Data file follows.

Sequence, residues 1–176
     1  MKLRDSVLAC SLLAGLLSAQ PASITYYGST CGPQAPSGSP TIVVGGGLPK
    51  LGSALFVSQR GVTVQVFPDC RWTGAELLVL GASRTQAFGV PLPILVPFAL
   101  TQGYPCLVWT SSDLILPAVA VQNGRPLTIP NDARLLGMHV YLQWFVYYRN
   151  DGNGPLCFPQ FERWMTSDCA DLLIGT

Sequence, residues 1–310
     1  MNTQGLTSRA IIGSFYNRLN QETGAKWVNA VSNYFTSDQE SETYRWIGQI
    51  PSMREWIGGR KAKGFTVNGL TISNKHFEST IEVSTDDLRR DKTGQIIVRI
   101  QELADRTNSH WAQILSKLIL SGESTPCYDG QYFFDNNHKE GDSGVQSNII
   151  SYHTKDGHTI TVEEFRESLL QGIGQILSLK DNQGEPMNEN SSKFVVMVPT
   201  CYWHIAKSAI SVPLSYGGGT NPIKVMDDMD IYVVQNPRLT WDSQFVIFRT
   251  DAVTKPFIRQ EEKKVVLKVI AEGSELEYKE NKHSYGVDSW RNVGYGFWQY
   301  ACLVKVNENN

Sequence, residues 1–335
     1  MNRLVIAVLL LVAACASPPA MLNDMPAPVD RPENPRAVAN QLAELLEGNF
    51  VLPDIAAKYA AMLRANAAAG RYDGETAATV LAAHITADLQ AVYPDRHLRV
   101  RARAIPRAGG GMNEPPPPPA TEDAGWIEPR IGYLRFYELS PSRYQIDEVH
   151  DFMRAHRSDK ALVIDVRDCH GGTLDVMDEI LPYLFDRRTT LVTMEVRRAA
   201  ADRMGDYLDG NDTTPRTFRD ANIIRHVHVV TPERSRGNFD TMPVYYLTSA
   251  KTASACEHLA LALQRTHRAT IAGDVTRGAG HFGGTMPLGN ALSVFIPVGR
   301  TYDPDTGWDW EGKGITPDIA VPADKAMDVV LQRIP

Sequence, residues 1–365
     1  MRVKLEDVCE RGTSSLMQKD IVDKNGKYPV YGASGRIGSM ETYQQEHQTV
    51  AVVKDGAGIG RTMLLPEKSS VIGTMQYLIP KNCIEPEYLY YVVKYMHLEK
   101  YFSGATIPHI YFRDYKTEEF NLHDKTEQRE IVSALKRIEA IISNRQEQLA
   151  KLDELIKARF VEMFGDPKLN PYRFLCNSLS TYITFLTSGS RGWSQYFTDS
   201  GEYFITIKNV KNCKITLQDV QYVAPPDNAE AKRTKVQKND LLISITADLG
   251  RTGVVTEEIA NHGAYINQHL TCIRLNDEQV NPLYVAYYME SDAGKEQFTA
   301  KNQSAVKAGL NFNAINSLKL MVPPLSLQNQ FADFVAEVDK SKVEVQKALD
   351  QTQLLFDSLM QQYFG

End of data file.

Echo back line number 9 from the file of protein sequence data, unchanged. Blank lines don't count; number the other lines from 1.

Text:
   101  QELADRTNSH WAQILSKLIL SGESTPCYDG QYFFDNNHKE GDSGVQSNII